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Decus, Inc. v. Heenan

United States District Court, E.D. Pennsylvania

April 18, 2017

DECUS, INC., et al.
v.
HEENAN, et al.

          MEMORANDUM

          KEARNEY, J.

         Businesses disputing obligations owed to each other after a failed effort to work together may try, if only for leverage, to challenge their opponent on conduct even if it does not directly affect them. Federal courts require one business challenging another business' activity to have standing under Article III of the United States Constitution. Absent an injury in fact standing, a business cannot sue an opponent to correct alleged irregularities under state construction lien law. When, as here, a business claims its adversary has improperly placed liens on construction projects but the complaining business has no claim to the same funds or alternate lien on the construction project, the business lacks standing to ask this Court to strike the opponent's construction lien. In the accompanying Order, we grant the Plaintiffs motion to dismiss Defendants' counterclaim seeking to invalidate or obtain damages based on an allegedly invalid construction lien for properties where Defendants have no competing lien interest or other basis for standing.

         I. Facts alleged in the Complaint and Counterclaim.[1]

         We address a dispute between businesspersons who once agreed to work together in developing construction business. Decus, Inc. alleges it is a construction company owned by Thomas Aloia and John Sciotto.[2] Heenan Holdings LLC ("Holdings") is a New Jersey construction company managed by Mark E. Heenan.[3]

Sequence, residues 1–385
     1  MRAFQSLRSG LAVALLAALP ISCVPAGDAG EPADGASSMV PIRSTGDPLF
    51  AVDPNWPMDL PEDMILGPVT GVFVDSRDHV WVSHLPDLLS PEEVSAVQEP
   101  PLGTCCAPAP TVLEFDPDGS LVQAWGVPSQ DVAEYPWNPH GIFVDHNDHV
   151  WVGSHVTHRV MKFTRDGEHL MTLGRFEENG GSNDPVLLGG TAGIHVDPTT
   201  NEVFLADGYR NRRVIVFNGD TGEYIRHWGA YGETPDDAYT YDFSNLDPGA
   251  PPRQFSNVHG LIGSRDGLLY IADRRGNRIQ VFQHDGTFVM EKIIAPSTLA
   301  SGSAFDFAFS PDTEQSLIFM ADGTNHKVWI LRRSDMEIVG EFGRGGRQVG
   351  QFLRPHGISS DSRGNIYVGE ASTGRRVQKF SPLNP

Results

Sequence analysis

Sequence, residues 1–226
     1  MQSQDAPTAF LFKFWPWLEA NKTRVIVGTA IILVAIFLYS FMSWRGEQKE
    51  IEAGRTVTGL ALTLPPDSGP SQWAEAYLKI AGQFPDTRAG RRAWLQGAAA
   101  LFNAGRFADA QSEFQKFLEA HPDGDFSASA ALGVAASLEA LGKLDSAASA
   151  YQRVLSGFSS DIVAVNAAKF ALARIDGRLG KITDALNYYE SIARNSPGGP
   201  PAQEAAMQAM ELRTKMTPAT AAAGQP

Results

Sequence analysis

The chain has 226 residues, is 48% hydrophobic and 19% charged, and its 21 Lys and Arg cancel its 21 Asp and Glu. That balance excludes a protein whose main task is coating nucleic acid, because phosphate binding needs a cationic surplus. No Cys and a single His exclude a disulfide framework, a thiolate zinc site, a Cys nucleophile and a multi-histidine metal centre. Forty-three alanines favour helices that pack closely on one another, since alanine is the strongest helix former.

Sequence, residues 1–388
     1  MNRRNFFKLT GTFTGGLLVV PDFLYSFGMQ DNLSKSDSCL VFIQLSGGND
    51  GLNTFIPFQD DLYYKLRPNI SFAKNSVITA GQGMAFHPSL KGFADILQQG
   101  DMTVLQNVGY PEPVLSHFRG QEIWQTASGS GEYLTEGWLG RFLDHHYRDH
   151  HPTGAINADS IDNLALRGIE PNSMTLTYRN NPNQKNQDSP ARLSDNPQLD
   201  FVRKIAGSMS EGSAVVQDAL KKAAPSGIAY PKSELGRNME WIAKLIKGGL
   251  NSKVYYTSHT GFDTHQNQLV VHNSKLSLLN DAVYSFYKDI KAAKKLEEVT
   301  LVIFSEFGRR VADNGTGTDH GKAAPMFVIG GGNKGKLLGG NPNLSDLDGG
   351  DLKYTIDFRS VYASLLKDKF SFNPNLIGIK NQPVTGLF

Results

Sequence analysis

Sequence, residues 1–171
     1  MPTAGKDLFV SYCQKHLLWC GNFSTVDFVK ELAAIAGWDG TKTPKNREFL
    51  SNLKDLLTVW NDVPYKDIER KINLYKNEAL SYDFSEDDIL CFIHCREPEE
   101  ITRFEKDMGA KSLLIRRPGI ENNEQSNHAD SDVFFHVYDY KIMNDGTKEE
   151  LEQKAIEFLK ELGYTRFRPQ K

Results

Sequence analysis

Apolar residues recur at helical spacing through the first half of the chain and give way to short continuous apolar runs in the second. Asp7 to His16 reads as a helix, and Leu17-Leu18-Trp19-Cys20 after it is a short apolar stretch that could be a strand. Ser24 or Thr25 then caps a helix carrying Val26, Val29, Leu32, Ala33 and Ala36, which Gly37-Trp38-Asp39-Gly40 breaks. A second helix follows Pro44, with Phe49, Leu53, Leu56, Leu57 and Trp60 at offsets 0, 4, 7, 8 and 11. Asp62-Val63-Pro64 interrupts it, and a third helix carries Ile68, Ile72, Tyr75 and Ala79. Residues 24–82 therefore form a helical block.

In October 2015, Mr. Sciotto, Mr. Aloia, and Mr. Heenan began discussing a new business venture called Decus Construction, Inc.[4] The Decus brand developed a poor reputation and Mr. Sciotto and Mr. Aloia sought to partner with Mr. Heenan believing his positive reputation in the Southern New Jersey construction sector could rehabilitate the Decus brand.[5]

         Mr. Sciotto proposed the three men be equal partners in the Decus Construction venture, and Mr. Aloia circulated a draft shareholders' agreement listing Mr. Heenan as a shareholder in Decus Construction.[6] As neither Decus, Inc. nor Decus Construction were registered to do business in New Jersey, the three men agreed they would contract New Jersey work through Holdings.[7] Mr. Sciotto and Mr. Aloia requested Holdings use the Decus name for its construction contracts.[8] Holdings accordingly registered Decus Construction as its alternative name.[9]

         Although the three men agreed to be equal partners in Decus Construction, at some point Mr. Heenan discovered Mr. Aloia did not list Mr. Heenan as a shareholder in Decus Cosntruction.[10] Mr. Heenan, while believing he had equal ownership of Decus Construction, solicited work from former business associates, including the Gloucester Data Center and South Jersey CML (collectively, the "South Jersey Companies").[11] To facilitate projects with the South Jersey Companies, Mr. Heenan advanced over $21, 000 to Decus, Inc., incurred costs, and performed work.[12]

         Holdings and Mr. Heenan allege Decus, Inc. and Decus Construction did not have "valid" agreements with the South Jersey Companies and did not perform work on their projects.[13] Even though Decus, Inc. lacked valid agreements and did not perform work on these projects, Mr. Sciotto, as the owner of Decus, Inc., filed liens on the properties at issue and sought compensation for services performed.[14]